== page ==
For those that haven’t discovered the DCI Ryan collection, I would suggest these novels are quite similarly written to something like Elly Griffiths (Ruth Galloway Series – also very good if you haven’t read that). It is crime but not really dark gritty like rebus or anything, also not a Miss Marple cosy crime, something in the middle.

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Review of Blood Ritual by Sarah Rayne – 5 Stars

Blood RitualBlood Ritual by Sarah Rayne

My rating: 5 of 5 stars

This book contains the usual mysterious historical fiction and modern day interlinked storylines that Rayne seems to do brilliantly. I thought I had read most of Rayne’s work and then stumbled across this very early novel and at an exceptionally good price and I must say I feel I got a bargain!

It is quite a dark and unnerving as story, similar to her other standalone novels (such as House of the Lost), but certainly much darker than her Nell West series. It is also shrouded in mystery that crosses the line with legend and myth. I would say this story would appeal to horror fans as much as those that like the historical fiction genre.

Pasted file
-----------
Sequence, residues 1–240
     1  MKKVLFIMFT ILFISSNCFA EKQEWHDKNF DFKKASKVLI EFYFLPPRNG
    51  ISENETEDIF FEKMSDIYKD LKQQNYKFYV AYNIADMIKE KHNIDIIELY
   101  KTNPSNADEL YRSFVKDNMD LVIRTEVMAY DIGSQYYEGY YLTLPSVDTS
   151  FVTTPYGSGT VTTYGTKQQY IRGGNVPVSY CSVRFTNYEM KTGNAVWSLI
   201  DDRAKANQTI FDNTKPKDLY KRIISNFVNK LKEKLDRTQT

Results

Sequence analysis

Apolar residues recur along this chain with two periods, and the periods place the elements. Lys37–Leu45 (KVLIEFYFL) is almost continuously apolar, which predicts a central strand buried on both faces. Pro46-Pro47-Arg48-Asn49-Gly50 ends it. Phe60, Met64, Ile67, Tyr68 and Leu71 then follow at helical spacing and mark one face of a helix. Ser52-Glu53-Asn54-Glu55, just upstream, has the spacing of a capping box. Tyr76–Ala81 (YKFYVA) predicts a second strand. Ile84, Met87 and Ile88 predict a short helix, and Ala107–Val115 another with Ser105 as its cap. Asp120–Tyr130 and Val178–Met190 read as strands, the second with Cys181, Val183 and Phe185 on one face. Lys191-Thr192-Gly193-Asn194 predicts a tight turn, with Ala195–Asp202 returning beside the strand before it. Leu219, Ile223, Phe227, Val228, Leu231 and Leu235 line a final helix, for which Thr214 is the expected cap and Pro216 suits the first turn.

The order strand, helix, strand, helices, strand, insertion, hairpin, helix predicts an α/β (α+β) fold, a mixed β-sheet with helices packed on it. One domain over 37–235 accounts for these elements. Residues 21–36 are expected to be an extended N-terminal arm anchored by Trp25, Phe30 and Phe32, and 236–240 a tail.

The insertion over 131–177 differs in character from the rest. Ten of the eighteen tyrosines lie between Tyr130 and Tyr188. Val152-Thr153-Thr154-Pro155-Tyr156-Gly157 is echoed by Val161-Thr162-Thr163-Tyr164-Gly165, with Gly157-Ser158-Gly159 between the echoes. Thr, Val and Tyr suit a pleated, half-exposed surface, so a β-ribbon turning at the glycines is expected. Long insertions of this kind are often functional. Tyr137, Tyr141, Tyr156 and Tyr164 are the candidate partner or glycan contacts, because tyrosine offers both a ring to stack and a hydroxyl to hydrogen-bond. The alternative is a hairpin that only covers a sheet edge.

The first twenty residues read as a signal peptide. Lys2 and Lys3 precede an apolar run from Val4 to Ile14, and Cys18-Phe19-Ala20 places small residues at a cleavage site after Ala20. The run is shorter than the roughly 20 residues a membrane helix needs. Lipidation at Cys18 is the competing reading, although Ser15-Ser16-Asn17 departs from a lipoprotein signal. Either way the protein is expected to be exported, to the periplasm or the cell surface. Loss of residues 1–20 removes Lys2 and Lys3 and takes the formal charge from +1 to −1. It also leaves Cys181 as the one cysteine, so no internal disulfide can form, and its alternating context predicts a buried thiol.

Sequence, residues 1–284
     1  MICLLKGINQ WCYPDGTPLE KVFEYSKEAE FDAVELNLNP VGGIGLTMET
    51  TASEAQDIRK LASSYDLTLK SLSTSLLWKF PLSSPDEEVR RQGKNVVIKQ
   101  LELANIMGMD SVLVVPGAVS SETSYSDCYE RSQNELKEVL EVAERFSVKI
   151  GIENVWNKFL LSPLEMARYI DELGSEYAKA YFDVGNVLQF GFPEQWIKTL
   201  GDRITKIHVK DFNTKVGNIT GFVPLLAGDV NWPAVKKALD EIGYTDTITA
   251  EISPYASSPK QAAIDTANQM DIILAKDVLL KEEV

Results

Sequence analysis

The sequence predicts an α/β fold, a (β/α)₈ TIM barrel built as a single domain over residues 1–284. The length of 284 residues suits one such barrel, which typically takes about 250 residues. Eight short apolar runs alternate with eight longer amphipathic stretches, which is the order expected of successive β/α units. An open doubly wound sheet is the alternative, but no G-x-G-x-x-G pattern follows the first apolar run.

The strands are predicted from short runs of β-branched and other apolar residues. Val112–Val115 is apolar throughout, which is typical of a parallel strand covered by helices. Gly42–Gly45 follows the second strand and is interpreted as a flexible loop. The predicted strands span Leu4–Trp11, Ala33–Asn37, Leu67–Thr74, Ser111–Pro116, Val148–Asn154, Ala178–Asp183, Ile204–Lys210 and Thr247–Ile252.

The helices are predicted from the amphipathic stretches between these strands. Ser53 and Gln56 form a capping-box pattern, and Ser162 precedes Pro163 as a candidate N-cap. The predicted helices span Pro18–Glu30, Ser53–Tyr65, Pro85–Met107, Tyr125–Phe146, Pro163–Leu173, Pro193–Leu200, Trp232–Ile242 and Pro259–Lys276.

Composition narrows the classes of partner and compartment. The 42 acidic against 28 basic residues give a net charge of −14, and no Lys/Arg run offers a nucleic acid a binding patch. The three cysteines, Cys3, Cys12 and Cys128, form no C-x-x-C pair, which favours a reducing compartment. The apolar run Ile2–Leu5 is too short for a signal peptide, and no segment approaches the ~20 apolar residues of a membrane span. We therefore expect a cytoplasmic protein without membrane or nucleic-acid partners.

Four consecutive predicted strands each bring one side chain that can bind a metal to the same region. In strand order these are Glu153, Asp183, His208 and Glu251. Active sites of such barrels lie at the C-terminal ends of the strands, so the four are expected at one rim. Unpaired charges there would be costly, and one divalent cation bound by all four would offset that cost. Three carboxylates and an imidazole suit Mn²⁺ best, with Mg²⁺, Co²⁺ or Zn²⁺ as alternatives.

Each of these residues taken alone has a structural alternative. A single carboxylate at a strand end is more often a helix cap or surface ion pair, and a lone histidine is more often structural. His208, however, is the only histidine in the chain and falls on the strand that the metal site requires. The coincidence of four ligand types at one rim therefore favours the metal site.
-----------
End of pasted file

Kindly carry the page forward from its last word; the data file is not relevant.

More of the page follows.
The modern storyline follows Catherine a young girl from a convent that is urged by her Abbess/Mother Superior to return to where she grew up. However, Catherine has a secret (a few actually), her family are descendants of Elizabeth Bathory, known to locals as the blood countess, something that the rest of her family are much more proud of than Catherine is. The other main modern character is Michael, a journalist who lost his site at the ancient castle once owned by Elizabeth Bathory. Determined to know the truth about the castle and a horrific image he saw before losing his site, he makes his way back towards the place that haunts him. With Catherine and Michael crossing paths can they uncover the truth of the Bathory family history and live to tell the tale?

The historical storyline follows Elizabeth’s story. Re-living the events as she terrorizes the villages of the surrounding area. With a weak husband, an endless supply of young village girls at her service and a lowly blacksmith to do her bidding and surrounded by plenty of faithful servants, Elizabeth rules with an iron fist, so that even the local priest struggles to put a stop to her. The terrifying (and really interesting) thing about this book and this story is that Elizabeth Bathory truly existed and is rumoured to have done some of the terrible things mentioned in this book!

As with all Sarah Rayne books, her plotting is brilliant, she lays many, many, strands of threads for the reader to follow and then brilliantly weaves them all together. It did take me a little longer than normal to get into this book but it was so worth it when I did for the characters, mystery and dark storyline. I do like that Rayne experiments in her writing and tries out many characters’ viewpoints.